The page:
Dealing with Complexity

21st July 09. Dealing with complexity

[I'll tidy up the examples soon, but the advice stands alone I think]

I don't think I've got enough for a whole session on this, and the Sicilian is a good setting to talk about it.  To warm up, have a go at this one:

Fridrik Olafsson
Svetozar Gligoric

Los Angeles (1)
1963

----rrk-
-bqn-pbp
pp-p-np-
----p---
P---PP-Q
--NB-N--
-PPB--PP
----RR-K
b - - 0 15

No. 2

Position for analysis from Simon
Webb

Black to move

Lots  going on!  How do you react to complex positions?  Get confused, or get a grip?

Organised thinking

The landmark description of a thinking process is Kotov's: select a list of candidate moves, work your way through them in turn.  Works for Kotov, maybe, but not everyone else has found it useful (or even possible) to imitate it. 

Forcing moves first

Look at the most forcing moves first: you can have more confidence in your opponent replying as you expect.  If at the end of a forcing sequence you think the position is at least as good for you as it is now, you can go for it.

Solving

Sometimes you can cut through a complex position by arranging a tactical accident for your opponent.  The right move in this next position would never be selected as a candidate move, but you can work out it's the right one.

Kuzmin,G - Sveshnikov,E [B49] Moscow (14), 1973
1.e4 c5 2.Nf3 e6 3.d4 cxd4 4.Nxd4 Nc6 5.Nc3 Qc7 6.Be2 a6 7.0-0 Nf6 8.Be3 Bb4 9.Nxc6 bxc6 10.Na4 0-0 11.c4 Bd6 12.f4 Nxe4 13.c5 Be7 14.Bd3 Nf6 15.Bd4 Nd5
[drumroll]

16.Nb6 !
[16.Bxh7+ Kxh7 17.Qh5+ Kg8 18.Bxg7 Kxg7 19.Qg4+ Kh8 20.Rf3 Nxf4 21.Rxf4 f5]
16...Nxb6 17.Bxh7+ Kxh7 18.Qh5+ Kg8 19.Bxg7 Kxg7 20.Qg4+ Kh7 21.Rf3 Bxc5+ 22.Kh1 1-0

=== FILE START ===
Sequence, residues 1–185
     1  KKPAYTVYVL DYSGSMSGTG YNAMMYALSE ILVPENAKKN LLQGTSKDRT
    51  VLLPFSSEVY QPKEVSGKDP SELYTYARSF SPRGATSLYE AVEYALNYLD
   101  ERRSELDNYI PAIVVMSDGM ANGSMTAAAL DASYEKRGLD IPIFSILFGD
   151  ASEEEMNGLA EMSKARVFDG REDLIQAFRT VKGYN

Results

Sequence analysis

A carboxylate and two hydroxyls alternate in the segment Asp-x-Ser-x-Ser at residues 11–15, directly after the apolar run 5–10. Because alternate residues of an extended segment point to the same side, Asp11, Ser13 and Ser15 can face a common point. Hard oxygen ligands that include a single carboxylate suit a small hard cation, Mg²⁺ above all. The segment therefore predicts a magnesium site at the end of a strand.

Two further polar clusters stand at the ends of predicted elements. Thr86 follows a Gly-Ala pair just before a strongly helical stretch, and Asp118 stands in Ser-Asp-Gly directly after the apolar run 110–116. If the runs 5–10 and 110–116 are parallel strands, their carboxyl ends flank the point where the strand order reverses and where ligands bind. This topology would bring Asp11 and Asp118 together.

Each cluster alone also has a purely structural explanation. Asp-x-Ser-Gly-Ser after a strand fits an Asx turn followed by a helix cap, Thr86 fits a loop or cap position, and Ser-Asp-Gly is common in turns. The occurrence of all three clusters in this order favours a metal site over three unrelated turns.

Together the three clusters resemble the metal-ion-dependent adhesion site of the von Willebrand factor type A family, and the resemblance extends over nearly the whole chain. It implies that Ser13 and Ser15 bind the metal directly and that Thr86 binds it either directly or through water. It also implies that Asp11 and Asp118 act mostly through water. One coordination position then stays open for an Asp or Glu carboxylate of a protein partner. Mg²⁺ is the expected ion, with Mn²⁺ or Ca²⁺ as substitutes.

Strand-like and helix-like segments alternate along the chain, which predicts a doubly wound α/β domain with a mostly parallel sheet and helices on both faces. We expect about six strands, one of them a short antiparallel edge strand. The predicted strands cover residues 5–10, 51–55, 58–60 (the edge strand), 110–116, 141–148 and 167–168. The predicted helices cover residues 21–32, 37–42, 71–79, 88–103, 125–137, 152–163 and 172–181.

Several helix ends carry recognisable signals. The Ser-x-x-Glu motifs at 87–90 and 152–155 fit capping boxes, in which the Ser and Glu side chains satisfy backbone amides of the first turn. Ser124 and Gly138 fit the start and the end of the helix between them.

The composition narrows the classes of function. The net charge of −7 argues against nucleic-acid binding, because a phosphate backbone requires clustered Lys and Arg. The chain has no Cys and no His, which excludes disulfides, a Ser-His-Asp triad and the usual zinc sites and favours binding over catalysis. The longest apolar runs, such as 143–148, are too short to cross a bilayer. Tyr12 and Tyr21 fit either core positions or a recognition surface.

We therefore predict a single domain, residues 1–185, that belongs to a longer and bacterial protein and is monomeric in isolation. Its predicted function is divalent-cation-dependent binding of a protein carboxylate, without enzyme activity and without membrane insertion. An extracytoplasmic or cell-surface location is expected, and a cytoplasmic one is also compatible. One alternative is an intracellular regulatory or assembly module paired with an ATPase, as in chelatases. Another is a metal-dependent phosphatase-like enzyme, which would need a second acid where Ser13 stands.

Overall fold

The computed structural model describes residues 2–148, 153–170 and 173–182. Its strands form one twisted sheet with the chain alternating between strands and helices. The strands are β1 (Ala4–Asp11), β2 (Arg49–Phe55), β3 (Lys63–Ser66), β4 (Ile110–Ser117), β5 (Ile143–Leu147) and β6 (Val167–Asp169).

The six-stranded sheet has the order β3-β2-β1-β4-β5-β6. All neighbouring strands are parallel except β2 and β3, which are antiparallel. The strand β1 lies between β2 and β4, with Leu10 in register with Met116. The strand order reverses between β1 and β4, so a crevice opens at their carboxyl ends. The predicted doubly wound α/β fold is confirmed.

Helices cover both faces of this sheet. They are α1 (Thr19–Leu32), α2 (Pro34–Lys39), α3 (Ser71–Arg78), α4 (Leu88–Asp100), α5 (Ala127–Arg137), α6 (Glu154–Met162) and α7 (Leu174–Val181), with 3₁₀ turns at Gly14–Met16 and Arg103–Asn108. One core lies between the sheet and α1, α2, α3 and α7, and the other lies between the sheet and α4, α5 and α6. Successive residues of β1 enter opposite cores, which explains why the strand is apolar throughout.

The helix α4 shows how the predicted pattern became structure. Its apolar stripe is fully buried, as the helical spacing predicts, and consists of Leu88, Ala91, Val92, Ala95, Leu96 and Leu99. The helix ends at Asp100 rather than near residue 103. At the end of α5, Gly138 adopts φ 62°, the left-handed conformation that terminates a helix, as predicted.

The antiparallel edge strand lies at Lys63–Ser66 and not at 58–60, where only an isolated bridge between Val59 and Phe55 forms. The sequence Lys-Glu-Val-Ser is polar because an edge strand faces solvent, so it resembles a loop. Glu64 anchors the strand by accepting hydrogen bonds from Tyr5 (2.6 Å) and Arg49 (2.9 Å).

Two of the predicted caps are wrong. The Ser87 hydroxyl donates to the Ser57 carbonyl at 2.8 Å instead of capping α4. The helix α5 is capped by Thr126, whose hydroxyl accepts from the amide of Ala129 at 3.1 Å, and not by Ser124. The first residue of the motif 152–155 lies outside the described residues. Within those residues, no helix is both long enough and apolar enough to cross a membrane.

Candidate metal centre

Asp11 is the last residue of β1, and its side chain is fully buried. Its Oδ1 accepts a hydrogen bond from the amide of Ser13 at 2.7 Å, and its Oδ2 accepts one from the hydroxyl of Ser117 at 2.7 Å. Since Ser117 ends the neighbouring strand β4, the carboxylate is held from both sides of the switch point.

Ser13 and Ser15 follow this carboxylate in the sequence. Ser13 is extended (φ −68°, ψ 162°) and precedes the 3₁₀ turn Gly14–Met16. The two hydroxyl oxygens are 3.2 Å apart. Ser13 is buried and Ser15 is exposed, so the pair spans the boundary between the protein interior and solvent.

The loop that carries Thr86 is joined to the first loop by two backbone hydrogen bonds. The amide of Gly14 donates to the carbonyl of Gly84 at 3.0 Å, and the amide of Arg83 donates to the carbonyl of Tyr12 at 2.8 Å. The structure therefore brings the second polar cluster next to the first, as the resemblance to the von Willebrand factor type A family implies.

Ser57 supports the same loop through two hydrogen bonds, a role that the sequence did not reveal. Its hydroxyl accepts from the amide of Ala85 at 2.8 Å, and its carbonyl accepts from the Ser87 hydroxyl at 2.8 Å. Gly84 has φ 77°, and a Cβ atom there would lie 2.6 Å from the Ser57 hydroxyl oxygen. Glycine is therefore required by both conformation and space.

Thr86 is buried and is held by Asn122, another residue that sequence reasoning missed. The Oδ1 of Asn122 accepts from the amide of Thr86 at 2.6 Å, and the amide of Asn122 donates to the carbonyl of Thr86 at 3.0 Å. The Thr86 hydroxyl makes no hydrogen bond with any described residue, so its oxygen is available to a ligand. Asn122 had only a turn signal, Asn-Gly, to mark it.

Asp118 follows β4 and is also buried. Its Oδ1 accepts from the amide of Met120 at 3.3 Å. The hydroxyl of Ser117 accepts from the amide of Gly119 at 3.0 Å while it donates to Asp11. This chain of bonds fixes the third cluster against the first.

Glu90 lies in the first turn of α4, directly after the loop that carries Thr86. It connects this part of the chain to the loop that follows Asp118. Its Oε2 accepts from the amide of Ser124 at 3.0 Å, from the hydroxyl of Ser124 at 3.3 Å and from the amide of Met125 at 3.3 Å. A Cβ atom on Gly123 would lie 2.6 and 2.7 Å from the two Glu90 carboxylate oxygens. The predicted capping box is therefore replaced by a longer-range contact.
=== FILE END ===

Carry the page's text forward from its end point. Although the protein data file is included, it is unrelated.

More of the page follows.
Just plunge in

Analysis to Corden-Nunn, 1978

http://exeterchessclub.org.uk/content/canon#Analysis

Try 15. Ba4 Nd2+ 16.Kc3 Qe3+ 17.Kb4 a5#
So, you can at least regain one piece whenever you wish, still keeping the K exposed.

Don't Analyse Unnecessary Tactics [DAUT] (Nunn & Nimzowitsch)

Nimzowitsch-Tartakower, 1929

http://exeterchessclub.org.uk/content/canon#Analysis

 Nimzo analysed briefly:
15.Bxf6 Bxf6 16.Qh6 Bg7 17.Qxh5 h6 18.g5 f5...  
"...Now it is necessary to analyse several variations which are roughly equally good:"
19.gxh6...
19.gxf6 Rxf6 20.Bh3...
"All of this is extremely complicated and therefore I played after no more than five minutes' thought:"
15.Bxf6 Bxf6 16.Rxh5 Bg7 17.Nh1 f6 18.Qh2 h6 19.Ng3 +=

Strategic planning

Similarly, in the midst of complications, pick a move you want to make from a strategic point of view, and if you can't refute it, play it.

I seem to recall Nimzo (again) advising this pragmatic approach, and playing a centralising move like 19.Nd4 to improve his position in the event of any tactics, but I can't find it... anyone?

Complex analysis: growing a tree

Analysing a tree of candidate moves is best done by progressive deepening, rather than analysing them in turn, because you might find one that works, and you might learn things from one line that make another line work.


Victor Kortchnoi
Fridrik Olafsson

Stockholm
1962


No. 5








Position for analysis from Simon
Webb


"IC[149]... seemed to have the best-organised thought processes (...) It is not clear, however, whether this logical approach is necessarily all that effective, for it could be argued that if IC had adopted the RW[208] approach of looking at moves twice he might have spotted 1. e4 Bg4 2. d5 Nd4! which seems good for Black"
 --WEBB

Safety net perpetuals

A familiar short-cut: if you know you have a perpetual in hand, you can commit without fear, and analyse again when things may be a bit clearer.

Further reading:

NIMZOWITSCH, My System
KOTOV, Think Like A Grandmaster
NUNN, Secrets of Practical Chess
JACOBS, Analyse to Win

Chess Quotes

"Chess, like the tomb, levels all grades of conventional rank and distinction and reserves its high places for the best players."
— GEORGE WALKER